Journal of Cachexia, Sarcopenia and Muscle (JCSM) Abstract
Article first published online: 30 September 2019
Testosterone therapy induces molecular programming augmenting physiological adaptations to resistance exercise in older men
Nima Gharahdaghi, Supreeth Rudrappa, Matthew S. Brook, Iskandar Idris, Hannah Crossland, Claire Hamrock, Muhammad Hariz Abdul Aziz, Fawzi Kadi, Janelle Tarum, Paul L. Greenhaff, Dumitru Constantin‐Teodosiu, Jessica Cegielski, Bethan E. Phillips, Daniel J. Wilkinson, Nathaniel J. Szewczyk, Kenneth Smith, Philip J. Atherton
The andropause is associated with declines in serum testosterone (T), loss of muscle mass (sarcopenia), and frailty. Two major interventions purported to offset sarcopenia are anabolic steroid therapies and resistance exercise training (RET). Nonetheless, the efficacy and physiological and molecular impacts of T therapy adjuvant to short‐term RET remain poorly defined.
Eighteen non‐hypogonadal healthy older men, 65–75 years, were assigned in a random double‐blinded fashion to receive, biweekly, either placebo (P, saline, n = 9) or T (Sustanon 250 mg, n = 9) injections over 6 week whole‐body RET (three sets of 8–10 repetitions at 80% one‐repetition maximum). Subjects underwent dual‐energy X‐ray absorptiometry, ultrasound of vastus lateralis (VL) muscle architecture, and knee extensor isometric muscle force tests; VL muscle biopsies were taken to quantify myogenic/anabolic gene expression, anabolic signalling, muscle protein synthesis (D2O), and breakdown (extrapolated).
Testosterone adjuvant to RET augmented total fat‐free mass (P=0.007), legs fat‐free mass (P=0.02), and appendicular fat‐free mass (P=0.001) gains while decreasing total fat mass (P=0.02). Augmentations in VL muscle thickness, fascicle length, and quadriceps cross‐section area with RET occured to a greater extent in T (P < 0.05). Sum strength (P=0.0009) and maximal voluntary contract (e.g. knee extension at 70°) (P=0.002) increased significantly more in the T group. Mechanistically, both muscle protein synthesis rates (T: 2.13 ± 0.21%·day−1 vs. P: 1.34 ± 0.13%·day−1, P=0.0009) and absolute breakdown rates (T: 140.2 ± 15.8 g·day−1 vs. P: 90.2 ± 11.7 g·day−1, P=0.02) were elevated with T therapy, which led to higher net turnover and protein accretion in the T group (T: 8.3 ± 1.4 g·day−1 vs. P: 1.9 ± 1.2 g·day−1, P=0.004). Increases in ribosomal biogenesis (RNA:DNA ratio); mRNA expression relating to T metabolism (androgen receptor: 1.4‐fold; Srd5a1: 1.6‐fold; AKR1C3: 2.1‐fold; and HSD17β3: two‐fold); insulin‐like growth factor (IGF)‐1 signalling [IGF‐1Ea (3.5‐fold) and IGF‐1Ec (three‐fold)] and myogenic regulatory factors; and the activity of anabolic signalling (e.g. mTOR, AKT, and RPS6; P < 0.05) were all up‐regulated with T therapy. Only T up‐regulated mitochondrial citrate synthase activity (P=0.03) and transcription factor A (1.41 ± 0.2‐fold, P=0.0002), in addition to peroxisome proliferator‐activated receptor‐γ co‐activator 1‐α mRNA (1.19 ± 0.21‐fold, P=0.037).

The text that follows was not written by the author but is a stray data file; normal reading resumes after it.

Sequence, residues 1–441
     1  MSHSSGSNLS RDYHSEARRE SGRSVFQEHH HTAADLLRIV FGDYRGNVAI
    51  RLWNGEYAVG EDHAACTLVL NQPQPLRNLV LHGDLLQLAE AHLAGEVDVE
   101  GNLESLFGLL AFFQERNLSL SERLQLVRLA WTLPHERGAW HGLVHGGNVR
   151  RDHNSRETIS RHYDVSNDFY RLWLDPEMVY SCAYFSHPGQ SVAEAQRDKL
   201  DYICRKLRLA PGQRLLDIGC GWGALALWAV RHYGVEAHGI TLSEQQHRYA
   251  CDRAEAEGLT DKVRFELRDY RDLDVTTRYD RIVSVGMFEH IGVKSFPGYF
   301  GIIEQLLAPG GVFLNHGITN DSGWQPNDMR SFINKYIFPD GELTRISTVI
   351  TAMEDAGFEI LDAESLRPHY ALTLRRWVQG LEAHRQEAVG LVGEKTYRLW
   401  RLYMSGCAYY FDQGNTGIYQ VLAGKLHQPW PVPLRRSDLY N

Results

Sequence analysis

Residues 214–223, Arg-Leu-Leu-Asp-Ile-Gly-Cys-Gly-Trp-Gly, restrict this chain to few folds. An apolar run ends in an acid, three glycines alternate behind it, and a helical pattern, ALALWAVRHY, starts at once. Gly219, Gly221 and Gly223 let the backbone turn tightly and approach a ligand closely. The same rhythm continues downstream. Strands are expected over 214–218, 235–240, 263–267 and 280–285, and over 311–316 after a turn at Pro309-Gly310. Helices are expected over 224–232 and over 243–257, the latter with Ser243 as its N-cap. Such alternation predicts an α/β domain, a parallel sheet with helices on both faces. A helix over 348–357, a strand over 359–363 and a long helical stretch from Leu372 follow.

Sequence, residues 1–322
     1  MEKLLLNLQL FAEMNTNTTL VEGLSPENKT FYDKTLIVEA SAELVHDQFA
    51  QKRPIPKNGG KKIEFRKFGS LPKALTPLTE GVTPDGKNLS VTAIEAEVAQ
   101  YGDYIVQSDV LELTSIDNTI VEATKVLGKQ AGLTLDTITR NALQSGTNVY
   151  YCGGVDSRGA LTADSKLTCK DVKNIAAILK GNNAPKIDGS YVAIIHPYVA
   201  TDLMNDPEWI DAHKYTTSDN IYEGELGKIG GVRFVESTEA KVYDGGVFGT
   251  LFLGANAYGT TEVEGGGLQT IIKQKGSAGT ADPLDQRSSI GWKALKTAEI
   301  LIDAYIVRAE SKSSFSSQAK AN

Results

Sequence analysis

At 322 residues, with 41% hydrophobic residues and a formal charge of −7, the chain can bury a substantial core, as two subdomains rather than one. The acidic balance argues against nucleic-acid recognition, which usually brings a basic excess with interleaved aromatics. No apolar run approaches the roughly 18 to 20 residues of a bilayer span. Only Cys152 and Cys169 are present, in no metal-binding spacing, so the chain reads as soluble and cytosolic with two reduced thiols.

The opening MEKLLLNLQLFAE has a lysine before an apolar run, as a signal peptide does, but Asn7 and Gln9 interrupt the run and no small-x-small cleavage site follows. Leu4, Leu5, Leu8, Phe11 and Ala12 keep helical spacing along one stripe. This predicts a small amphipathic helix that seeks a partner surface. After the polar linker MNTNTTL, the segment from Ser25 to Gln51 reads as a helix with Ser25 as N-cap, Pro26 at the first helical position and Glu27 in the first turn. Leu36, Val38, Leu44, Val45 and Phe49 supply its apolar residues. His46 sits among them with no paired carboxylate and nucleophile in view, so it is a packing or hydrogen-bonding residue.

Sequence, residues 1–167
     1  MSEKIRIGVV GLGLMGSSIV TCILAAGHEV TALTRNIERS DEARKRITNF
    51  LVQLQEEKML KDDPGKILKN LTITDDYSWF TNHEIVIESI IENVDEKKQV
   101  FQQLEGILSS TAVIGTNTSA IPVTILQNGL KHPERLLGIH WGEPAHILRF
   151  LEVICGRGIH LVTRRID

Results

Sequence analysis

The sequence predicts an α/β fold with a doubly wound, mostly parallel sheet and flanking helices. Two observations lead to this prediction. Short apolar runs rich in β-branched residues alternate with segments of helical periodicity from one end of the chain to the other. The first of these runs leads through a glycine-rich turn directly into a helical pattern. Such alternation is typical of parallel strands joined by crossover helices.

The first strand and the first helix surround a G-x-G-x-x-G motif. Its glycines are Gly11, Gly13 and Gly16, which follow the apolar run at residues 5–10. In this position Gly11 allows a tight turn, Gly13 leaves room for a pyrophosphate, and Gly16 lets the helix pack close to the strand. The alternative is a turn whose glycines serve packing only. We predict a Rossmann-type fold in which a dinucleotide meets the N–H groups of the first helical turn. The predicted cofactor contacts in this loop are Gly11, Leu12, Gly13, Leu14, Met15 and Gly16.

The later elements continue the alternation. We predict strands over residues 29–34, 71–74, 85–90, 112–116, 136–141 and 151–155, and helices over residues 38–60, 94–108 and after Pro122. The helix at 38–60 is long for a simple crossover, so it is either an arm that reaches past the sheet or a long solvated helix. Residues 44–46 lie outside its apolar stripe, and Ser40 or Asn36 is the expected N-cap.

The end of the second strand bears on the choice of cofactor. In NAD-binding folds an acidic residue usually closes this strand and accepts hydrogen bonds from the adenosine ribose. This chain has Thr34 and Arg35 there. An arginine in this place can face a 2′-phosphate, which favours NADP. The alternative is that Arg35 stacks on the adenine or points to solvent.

Administration of T adjuvant to RET enhanced skeletal muscle mass and performance, while up‐regulating myogenic gene programming, myocellular translational efficiency and capacity, collectively resulting in higher protein turnover, and net protein accretion. T coupled with RET is an effective short‐term intervention to improve muscle mass/function in older non‐hypogonadal men.